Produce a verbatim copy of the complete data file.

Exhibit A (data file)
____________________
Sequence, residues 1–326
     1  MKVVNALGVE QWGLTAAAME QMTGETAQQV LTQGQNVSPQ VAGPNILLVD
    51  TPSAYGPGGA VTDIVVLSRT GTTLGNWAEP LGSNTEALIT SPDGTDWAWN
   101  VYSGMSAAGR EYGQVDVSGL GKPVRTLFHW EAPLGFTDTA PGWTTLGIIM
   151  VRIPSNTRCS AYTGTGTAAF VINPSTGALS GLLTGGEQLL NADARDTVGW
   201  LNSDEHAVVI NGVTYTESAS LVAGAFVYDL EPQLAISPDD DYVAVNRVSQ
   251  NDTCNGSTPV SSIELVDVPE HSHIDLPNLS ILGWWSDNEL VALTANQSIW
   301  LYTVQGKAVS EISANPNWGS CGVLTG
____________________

Sequence, residues 1–326
     1  MKVVNALGVE QWGLTAAAME QMTGETAQQV LTQGQNVSPQ VAGPNILLVD
    51  TPSAYGPGGA VTDIVVLSRT GTTLGNWAEP LGSNTEALIT SPDGTDWAWN
   101  VYSGMSAAGR EYGQVDVSGL GKPVRTLFHW EAPLGFTDTA PGWTTLGIIM
   151  VRIPSNTRCS AYTGTGTAAF VINPSTGALS GLLTGGEQLL NADARDTVGW
   201  LNSDEHAVVI NGVTYTESAS LVAGAFVYDL EPQLAISPDD DYVAVNRVSQ
   251  NDTCNGSTPV SSIELVDVPE HSHIDLPNLS ILGWWSDNEL VALTANQSIW
   301  LYTVQGKAVS EISANPNWGS CGVLTG